By Ken Hamrick
Imagine how sinners would react if the gospel offered no promise of eternal life to those who believe. If there were no amazing grace, no opportunity for forgiveness, no loving heavenly Father to welcome us into His family, no Savior who gave His life to save us, but only a proclamation that God ought to be worshipped for who He is, and that sin must be punished, would anyone come to God in faith? If only hell awaited—even for believers—would any be willing to pray, “Not my will but Thine be done?” No one would come.
Why does God always provide a promise to go with a call to believe? He does not merely command, “Believe in Me because it’s the right thing to do,” but instead, He implores us to “Be reconciled to God!” The promise that reconciliation can be ours is wrapped up in the call to believe. This is the gospel that He wants preached to all men—“… that whoever believes in Him shall not perish but have everlasting life.”
Calvinists teach that the unregenerate man is so averse to God and so unable to do any good that not even God is capable of bringing him to freely surrender in repentant belief without first regenerating him from within. But yet, the gospel’s appeal is not to selfless ones who fully love God already. Rather, the gospel appeals to men by showing how it is in their own best interest to surrender their hearts and lives to God—that heaven and hell hang in the balance, that their sin and misery can be overcome by grace, that the insatiable spiritual hunger within them can be satisfied, and that their conscience can find peace.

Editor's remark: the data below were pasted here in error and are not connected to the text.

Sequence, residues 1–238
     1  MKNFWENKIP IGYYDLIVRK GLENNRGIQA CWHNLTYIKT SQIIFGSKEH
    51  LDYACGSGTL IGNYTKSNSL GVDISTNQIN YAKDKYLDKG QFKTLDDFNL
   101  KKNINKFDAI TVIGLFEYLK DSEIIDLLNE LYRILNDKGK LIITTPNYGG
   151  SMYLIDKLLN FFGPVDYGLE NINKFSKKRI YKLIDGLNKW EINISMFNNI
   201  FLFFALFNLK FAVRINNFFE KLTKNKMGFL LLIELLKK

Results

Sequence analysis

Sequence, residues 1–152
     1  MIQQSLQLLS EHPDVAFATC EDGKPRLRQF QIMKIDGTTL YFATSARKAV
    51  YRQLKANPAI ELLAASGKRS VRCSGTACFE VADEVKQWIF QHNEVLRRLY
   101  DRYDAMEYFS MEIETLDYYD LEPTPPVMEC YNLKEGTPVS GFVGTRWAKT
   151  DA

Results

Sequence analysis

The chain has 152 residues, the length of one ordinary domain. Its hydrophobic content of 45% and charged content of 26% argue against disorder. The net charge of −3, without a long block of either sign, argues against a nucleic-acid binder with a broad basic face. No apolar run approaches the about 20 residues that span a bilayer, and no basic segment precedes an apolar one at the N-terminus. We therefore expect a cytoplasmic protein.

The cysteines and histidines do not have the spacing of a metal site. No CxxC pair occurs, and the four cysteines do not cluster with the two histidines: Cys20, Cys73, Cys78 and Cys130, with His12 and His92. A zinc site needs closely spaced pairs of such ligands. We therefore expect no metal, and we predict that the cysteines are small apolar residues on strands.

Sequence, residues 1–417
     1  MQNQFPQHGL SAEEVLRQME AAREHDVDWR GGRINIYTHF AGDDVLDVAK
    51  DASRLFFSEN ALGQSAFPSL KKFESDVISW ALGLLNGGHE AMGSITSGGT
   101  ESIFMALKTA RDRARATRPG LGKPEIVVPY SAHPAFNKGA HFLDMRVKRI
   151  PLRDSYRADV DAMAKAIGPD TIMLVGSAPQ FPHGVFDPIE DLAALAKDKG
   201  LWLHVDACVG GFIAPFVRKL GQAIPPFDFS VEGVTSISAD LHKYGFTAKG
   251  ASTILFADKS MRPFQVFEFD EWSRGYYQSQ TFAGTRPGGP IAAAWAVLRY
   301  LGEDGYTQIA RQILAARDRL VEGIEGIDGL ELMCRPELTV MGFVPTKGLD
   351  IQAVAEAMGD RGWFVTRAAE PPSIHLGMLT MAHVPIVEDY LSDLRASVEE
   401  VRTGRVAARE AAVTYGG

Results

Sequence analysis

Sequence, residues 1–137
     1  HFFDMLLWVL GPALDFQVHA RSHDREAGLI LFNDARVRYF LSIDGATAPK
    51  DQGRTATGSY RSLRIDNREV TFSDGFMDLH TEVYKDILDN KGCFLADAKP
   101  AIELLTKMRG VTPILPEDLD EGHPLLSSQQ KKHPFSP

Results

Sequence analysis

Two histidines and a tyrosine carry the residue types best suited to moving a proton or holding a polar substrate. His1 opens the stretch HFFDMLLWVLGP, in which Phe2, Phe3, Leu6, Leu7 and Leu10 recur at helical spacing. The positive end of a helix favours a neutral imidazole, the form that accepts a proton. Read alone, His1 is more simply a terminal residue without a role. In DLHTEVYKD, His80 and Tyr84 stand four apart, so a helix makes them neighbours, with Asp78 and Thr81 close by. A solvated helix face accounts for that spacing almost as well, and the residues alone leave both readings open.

Of course, no sinner can realize or comprehend these things on his own, but the question becomes, can the Holy Spirit bring this realization by coming alongside the sinner and speaking to him from without—or is God limited to a coercive regeneration from within? I contend that the conviction, revelation and persuasion of the Holy Spirit as He speaks to the sinner from without, in conjunction with the preaching of the gospel, can be sufficient to enlighten his mind and move his heart to do what is simultaneously the right thing and the thing that is in his own best interest.
When you do God’s will at the expense of your own self-interests, you do the right thing meritoriously. When you do your will at the expense of God’s will, then you sin. But when you do God’s will to the benefit of your own self-interests, you simply do the right thing unmeritoriously.
This prompts many other questions. In this series, “The 3rd Rail,” I plan to address such questions one at a time, and show the common-sense clarity that the middle view offers.